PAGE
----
if man were immortal… [which he isn’t]
Peirce’s logic is unassailably historically verifiable. Peirce was rendering into mathematical and linguistic ‘logic’, Nietzsche’s genealogy of morals – the philosophy of beyond good and evil. and that leaves ‘us’ in the ‘present’ with a massive ethical dilemma and a series of peardoxes.
the only certainty is that, ‘in place of “this” we have death.’
by ‘death’, CSP means the literal cessation of political/ethical/lawful life. but he’s also suggesting the death of memory, historical memory, including the memory of history. Death is the death of historical continuity.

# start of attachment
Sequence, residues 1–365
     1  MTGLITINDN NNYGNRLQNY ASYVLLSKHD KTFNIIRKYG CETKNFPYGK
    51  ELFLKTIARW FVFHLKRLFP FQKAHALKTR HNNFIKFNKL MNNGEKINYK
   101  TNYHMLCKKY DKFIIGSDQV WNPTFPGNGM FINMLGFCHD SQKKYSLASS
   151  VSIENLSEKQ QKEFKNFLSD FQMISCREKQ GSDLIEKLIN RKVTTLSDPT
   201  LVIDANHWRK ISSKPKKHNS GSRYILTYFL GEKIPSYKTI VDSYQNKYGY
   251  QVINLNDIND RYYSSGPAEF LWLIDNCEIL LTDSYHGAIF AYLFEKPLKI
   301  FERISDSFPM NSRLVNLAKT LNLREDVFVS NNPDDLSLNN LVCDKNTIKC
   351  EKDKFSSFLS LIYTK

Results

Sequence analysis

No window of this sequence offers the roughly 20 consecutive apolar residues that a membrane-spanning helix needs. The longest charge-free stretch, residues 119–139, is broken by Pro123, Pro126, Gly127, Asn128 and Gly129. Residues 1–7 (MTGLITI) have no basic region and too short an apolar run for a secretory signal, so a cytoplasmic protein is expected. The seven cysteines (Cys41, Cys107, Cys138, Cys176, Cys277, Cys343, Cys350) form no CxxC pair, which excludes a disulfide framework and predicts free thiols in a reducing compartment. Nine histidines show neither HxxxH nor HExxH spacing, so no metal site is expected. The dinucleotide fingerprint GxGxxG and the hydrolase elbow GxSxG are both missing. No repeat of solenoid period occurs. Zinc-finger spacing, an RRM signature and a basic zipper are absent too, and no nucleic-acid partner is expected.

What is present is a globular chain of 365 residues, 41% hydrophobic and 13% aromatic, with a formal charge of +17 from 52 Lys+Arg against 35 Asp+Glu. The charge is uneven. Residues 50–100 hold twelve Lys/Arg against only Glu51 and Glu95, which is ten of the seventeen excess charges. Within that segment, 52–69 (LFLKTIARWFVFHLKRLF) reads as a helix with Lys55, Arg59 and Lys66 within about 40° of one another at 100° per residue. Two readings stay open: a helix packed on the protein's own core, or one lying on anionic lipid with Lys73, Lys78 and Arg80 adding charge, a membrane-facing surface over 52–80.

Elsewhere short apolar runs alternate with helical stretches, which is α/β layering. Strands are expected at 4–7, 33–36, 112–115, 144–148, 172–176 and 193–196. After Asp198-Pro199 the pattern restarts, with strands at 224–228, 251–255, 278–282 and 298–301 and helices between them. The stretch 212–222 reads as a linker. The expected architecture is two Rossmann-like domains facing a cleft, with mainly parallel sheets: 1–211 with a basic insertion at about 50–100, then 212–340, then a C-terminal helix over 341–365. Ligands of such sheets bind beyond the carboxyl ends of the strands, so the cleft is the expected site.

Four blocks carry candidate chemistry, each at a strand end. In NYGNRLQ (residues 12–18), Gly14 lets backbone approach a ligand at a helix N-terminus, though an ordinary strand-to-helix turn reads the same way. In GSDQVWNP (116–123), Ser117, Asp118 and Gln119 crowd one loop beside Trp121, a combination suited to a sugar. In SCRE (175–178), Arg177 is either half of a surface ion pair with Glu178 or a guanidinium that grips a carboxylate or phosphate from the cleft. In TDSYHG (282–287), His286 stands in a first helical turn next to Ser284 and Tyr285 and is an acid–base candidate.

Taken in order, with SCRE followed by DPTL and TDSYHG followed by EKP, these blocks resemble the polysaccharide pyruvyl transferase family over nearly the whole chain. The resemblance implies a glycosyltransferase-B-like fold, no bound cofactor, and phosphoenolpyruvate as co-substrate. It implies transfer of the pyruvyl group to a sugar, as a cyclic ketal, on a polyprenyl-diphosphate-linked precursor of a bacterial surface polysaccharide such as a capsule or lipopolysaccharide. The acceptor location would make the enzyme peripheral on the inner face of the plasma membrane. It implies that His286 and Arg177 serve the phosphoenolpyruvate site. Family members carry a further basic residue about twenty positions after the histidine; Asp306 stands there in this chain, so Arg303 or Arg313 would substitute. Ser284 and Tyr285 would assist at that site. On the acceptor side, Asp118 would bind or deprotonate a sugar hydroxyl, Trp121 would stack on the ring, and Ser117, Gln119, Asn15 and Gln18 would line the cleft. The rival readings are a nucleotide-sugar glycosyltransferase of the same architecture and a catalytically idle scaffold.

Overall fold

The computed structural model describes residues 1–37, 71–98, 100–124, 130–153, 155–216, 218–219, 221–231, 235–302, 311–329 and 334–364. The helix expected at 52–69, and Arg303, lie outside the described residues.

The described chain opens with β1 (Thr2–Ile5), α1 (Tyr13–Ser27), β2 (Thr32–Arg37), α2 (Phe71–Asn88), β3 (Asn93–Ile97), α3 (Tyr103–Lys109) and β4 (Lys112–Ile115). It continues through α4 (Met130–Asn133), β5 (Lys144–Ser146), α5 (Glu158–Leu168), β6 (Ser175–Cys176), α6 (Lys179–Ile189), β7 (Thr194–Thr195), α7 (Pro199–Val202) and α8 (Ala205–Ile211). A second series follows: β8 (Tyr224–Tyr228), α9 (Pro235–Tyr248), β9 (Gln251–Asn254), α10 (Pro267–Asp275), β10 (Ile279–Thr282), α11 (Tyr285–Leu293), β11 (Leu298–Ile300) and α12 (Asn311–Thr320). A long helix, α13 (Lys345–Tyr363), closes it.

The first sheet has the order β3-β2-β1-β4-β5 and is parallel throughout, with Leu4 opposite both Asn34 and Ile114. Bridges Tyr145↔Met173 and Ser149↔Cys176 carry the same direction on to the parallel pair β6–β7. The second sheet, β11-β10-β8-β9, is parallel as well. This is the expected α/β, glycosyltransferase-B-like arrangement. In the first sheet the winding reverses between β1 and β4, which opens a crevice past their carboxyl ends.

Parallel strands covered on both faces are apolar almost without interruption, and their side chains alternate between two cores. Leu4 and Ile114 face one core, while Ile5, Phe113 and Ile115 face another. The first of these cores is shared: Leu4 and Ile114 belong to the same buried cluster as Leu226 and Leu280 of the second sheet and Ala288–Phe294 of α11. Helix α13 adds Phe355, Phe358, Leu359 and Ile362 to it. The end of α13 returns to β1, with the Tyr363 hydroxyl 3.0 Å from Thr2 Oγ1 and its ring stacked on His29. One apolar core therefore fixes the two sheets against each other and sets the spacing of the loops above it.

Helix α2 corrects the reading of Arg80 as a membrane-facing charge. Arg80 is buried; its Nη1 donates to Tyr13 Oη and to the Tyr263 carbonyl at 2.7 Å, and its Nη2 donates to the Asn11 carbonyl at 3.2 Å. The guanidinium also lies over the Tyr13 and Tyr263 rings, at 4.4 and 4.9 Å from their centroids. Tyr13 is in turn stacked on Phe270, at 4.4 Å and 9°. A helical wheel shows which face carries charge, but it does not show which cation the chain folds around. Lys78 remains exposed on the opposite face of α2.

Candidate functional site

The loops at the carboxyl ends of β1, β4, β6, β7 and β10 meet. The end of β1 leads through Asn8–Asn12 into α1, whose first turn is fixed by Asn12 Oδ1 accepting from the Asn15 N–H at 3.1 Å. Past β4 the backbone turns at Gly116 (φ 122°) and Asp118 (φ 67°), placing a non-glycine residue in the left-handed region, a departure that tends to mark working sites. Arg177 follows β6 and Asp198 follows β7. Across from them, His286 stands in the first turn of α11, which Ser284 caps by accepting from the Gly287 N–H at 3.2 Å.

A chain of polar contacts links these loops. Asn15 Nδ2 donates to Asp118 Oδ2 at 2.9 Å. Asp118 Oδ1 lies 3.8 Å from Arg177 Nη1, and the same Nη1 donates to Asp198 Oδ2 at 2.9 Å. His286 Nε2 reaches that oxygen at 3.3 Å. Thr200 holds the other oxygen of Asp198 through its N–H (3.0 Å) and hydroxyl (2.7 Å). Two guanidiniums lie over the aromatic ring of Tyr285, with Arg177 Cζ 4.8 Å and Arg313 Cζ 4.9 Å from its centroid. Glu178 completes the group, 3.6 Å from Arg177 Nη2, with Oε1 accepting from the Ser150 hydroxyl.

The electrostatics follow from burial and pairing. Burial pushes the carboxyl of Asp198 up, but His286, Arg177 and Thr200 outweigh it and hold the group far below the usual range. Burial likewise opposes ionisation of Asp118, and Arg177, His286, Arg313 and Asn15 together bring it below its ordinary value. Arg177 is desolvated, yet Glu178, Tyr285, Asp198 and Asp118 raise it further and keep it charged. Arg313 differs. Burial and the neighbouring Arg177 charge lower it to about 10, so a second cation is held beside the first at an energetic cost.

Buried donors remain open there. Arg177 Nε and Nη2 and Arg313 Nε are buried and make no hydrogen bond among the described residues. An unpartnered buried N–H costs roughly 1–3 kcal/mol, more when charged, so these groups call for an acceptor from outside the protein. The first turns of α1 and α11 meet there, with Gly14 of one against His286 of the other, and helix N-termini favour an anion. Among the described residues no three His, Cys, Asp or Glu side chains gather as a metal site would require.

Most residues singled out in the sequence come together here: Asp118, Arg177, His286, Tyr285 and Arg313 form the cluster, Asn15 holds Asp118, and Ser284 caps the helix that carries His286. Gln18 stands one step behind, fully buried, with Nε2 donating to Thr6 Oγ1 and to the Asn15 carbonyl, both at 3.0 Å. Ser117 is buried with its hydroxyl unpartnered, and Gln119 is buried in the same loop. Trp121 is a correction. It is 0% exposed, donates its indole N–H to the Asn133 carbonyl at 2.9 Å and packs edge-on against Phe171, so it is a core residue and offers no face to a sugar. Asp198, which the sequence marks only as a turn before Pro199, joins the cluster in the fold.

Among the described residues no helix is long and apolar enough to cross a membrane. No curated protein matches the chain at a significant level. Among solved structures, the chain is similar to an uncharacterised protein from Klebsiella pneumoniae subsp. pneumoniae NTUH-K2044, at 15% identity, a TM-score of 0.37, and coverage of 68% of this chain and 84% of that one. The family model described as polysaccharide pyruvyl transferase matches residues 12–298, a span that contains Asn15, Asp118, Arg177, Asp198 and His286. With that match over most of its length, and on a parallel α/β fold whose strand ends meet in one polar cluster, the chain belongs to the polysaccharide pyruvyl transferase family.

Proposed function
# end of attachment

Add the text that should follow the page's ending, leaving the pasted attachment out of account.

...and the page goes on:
For a Peirceian account of Peirce, i HIGHLY recommend one of the first ‘scifi’ novels ever written – by the U of Birmingham moral philosopher – Olaf Stapledon – Last and First Men, 1930. a book for this era, if there ever was one. [i also recommend with equal enthusiasm, Stapledon’s other scifi – including his moral critique of religion, Star Maker, 1937, and for those interested in PK Dick [Dr. Bloodmoney], his critique of the human-animal relationship as allegory and more, of human hubris, his book about a talking dog, Sirius, 1944]